The Haryana-based renewables company, which is part of a bike and motorbike manufacturing conglomerate, will be paid $0.1025/kWh by the Bangladeshi government for the electricity that will be generated by a 50 MW plant in Khulna district, with the power purchase deal running for 20 years.
The figures paint a better picture for India than other Asian nations, where fossil fuel-based generation accounted for a much bigger share in meeting the rise in electricity demand.
The federal government will provide INR968 crore of soft loans for a INR1307 crore, 100 MW solar park near the Jamuna river in Bangladesh’s Jamalpur district, where a second park of a similar size is being planned by Dhaka and a Chinese partner.
Doubling down on renewable energy investment and energy transition spending is required to ensure a truly green global recovery from the Covid-19 crisis and its economic aftershock, claims the International Renewable Energy Agency.
The New Delhi-based developer is planning a 50 MW plant after the 100 MW facility originally proposed was stymied by the power evacuation equipment available at the Khulna site.
Dipal C Barua started installing rooftop solar systems in Bangladesh when the PV industry itself was in its infancy, with his company Grameen Shakti. Now heading up the Bright Green Energy Foundation, Barua installs small residential systems, streetlights, and irrigation pumps throughout rural Bangladesh under various government programs.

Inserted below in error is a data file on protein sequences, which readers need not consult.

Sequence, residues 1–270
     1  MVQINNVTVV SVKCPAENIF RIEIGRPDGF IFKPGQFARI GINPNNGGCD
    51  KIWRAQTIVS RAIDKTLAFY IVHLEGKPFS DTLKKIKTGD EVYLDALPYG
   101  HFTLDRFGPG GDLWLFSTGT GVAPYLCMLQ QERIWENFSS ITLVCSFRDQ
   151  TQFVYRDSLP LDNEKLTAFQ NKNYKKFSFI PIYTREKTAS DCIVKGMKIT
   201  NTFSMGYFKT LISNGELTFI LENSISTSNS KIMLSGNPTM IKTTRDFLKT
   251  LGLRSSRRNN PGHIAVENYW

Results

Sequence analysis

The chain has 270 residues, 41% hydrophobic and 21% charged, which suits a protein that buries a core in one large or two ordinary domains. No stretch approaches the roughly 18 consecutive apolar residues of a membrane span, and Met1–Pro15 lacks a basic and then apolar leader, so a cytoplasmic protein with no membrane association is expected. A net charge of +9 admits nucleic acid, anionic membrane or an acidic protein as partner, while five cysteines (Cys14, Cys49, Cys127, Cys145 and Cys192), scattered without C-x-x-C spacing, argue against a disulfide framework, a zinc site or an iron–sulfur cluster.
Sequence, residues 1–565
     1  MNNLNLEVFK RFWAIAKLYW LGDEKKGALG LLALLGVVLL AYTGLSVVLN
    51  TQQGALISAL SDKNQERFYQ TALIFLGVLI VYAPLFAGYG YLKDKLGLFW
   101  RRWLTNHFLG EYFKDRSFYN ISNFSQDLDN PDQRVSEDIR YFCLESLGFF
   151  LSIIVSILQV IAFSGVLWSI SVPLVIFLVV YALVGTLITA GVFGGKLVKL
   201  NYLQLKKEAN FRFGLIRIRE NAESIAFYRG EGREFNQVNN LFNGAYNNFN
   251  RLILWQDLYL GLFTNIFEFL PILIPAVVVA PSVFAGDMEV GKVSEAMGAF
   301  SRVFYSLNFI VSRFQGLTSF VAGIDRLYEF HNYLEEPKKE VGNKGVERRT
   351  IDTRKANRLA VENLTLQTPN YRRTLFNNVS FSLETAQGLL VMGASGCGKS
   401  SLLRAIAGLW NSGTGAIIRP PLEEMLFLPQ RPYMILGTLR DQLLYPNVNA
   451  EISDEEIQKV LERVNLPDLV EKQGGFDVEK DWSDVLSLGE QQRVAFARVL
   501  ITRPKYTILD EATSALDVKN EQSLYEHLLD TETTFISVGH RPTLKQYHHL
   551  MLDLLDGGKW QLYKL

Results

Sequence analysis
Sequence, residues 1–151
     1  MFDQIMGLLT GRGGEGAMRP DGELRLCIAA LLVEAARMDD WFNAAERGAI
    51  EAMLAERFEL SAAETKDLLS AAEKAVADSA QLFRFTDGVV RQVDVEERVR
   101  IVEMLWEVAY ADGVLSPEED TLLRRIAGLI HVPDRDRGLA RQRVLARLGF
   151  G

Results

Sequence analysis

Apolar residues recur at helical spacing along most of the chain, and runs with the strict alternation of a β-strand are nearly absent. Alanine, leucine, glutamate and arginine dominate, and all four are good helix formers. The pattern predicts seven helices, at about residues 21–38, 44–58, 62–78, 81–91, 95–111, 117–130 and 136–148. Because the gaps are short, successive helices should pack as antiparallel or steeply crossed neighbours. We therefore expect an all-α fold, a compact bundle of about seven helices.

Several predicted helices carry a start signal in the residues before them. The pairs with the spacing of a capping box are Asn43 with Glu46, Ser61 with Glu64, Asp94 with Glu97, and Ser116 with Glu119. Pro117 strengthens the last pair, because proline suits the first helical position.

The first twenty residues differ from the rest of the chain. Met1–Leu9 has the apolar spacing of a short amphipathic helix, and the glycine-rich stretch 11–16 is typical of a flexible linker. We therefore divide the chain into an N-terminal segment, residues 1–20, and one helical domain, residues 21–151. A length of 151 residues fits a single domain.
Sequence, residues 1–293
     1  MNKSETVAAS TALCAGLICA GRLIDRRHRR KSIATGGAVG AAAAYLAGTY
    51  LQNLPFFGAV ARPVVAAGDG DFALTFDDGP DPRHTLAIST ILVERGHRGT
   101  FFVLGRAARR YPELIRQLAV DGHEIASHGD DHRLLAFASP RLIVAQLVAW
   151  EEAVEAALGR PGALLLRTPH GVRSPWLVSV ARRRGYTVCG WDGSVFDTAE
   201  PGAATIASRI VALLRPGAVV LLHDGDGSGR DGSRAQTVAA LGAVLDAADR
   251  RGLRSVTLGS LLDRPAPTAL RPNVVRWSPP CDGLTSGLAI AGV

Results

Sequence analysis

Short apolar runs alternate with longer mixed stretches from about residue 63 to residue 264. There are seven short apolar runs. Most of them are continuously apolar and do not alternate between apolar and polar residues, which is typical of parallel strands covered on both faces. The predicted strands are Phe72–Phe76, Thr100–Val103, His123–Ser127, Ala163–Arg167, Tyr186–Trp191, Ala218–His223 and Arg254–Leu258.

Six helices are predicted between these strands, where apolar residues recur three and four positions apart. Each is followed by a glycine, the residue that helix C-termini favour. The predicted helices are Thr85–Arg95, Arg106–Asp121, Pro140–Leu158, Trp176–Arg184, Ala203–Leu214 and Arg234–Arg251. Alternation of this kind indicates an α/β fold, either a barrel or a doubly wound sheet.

The government has signed Memorandum of Understanding with Bhutan, Bangladesh, Nepal, and Myanmar to inter-alia improve power connectivity and enhance energy trading in the region.
The renewables business of the conglomerate will undertake its first project across the border by providing engineering, procurement and construction services on a Rs12.6 crore, 3.1 MW array for a German-Bangladeshi knitwear company which will buy the power generated for Rs5.71518/kWh.
Dhaka has heeded complaints about Indian manufacturers allegedly dumping sub-standard PV products over the border and issued a requirement for modules, inverters, charge controllers and batteries to attain IEC electrical standards.
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